Cape Verde - Infrastructure, power, and communications
While the infrastructure of Cape Verde is adequate, the government is committed to improving its ports and roads. About 600 kilometers (373 miles) of the 2,250 kilometers (1,398 miles) of roads are paved. The irregularity of maritime transport has hindered exports, but the government has tried to set up regular links to Africa and Europe. There are regular ferry services between most islands, and the main port is the newly enlarged Porto Grande in Mindelo. Praia port has recently been modernized, and a new port to the north of the capital is under construction.
The main international airport on Sal Island handles some 300,000 passengers per year. The national airline, TACV, has several international routes to Africa, Europe, and the United States, as well as providing domestic flights. A new international airport has been opened near the capital on Santiago Island.
Since Portugal Telecom acquired a 40 percent share of Cabo Verde Telecom in 1995, it has increased the number of telephone lines by 70 percent and also has provided fiber optic links between the islands, as well as Internet access. It was estimated that the nation had 45,644 telephone main lines in use in 2000. In 1998 Telemovel became the country's first cellular network. Portugal Telecom pledged $100 million for the modernization of telecommunications up until 2001.
There are only 2 weekly papers published in Cape Verde; one is state-owned and the other is run by the opposition. State television and radio merged in 1997 to form the new RTC company, and in 1998 the government allowed the resumption of private radio broadcasts. RTPi and Canal France International began broadcasting 24-hour television and radio in 1995.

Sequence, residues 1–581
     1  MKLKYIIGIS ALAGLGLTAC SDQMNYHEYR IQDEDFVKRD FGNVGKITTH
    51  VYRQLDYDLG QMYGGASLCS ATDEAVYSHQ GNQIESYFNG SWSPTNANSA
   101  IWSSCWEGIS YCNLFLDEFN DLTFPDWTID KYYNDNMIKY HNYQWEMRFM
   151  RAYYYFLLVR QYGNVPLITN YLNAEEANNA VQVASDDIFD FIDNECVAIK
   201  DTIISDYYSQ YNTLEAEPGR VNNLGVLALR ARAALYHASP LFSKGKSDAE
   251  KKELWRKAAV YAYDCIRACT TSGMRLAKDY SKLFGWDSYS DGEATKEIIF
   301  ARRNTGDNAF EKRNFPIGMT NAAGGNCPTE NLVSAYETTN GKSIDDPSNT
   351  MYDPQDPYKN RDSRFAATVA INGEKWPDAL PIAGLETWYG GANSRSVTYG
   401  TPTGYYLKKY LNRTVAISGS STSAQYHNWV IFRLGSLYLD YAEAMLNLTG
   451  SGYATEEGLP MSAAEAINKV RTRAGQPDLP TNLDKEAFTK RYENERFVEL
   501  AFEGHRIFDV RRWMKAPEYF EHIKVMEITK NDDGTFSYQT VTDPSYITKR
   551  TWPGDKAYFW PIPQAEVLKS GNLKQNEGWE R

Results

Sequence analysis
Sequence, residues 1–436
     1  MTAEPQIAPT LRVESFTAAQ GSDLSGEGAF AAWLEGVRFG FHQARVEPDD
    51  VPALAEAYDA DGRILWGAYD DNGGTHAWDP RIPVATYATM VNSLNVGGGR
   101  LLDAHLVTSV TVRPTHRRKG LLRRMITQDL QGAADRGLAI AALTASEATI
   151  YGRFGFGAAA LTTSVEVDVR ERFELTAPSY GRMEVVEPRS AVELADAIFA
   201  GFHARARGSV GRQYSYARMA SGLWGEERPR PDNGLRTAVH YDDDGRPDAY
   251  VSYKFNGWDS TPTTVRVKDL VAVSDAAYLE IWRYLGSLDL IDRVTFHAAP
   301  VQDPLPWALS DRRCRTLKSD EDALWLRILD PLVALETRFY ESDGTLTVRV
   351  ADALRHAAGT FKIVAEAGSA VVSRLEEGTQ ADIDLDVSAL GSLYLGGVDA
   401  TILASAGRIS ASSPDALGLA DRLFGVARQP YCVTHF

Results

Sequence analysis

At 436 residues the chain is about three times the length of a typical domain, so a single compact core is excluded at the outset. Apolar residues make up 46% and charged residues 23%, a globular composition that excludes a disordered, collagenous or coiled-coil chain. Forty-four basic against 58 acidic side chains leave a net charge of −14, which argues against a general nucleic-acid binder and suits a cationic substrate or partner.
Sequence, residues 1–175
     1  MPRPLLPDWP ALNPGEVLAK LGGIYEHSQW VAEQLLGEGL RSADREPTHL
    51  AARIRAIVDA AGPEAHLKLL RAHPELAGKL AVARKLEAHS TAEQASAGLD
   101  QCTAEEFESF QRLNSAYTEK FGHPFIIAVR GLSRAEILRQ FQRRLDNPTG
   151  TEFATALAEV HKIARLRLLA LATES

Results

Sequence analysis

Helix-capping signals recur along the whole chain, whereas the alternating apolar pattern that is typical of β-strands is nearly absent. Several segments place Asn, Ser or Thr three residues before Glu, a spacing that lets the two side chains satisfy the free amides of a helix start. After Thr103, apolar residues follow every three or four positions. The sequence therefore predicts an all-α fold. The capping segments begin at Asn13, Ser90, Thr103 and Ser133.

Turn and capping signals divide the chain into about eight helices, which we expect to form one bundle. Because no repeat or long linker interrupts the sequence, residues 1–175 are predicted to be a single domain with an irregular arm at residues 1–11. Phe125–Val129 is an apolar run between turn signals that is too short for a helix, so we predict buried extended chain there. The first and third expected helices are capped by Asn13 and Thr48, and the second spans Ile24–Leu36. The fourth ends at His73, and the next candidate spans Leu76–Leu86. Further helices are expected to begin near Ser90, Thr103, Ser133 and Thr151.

|Country||Telephones a||Telephones, Mobile/Cellular a||Radio Stations b||Radios a||TV Stations a||Televisions a||Internet Service Providers c||Internet Users c|
|Cape Verde||45,644 (2000)||19,729||AM 0; FM 11; shortwave 0||73,000||1||2,000||1||5,000|
|United States||194 M||69.209 M (1998)||AM 4,762; FM 5,542; shortwave 18||575 M||1,500||219 M||7,800||148 M|
|Nigeria||500,000 (2000)||26,700||AM 82; FM 35; shortwave 11||23.5 M||2 (1999)||6.9 M||11||100,000|
|Guinea-Bissau||8,000||N/A||AM 1; FM 2; shortwave 0||49,000||2||N/A||1||1,500|
|a Data is for 1997 unless otherwise noted.|
|b Data is for 1998 unless otherwise noted.|
|c Data is for 2000 unless otherwise noted.|
|SOURCE : CIA World Factbook 2001 [Online].|
Cape Verde has no known oil or gas deposits and imports all it needs from Africa and Europe. The privatized Empresa Nacional de Combustives and Shell Cabo Verde distribute fixed-price fuel. The parastatal Electra (which went up for sale in February 1999) is the primary electricity provider. There are plans to develop the country's thermal capacity, and the government is seeking to improve access to electricity in rural areas. Total electricity production in 1999 reached 40 million kilowatt hours (kWh).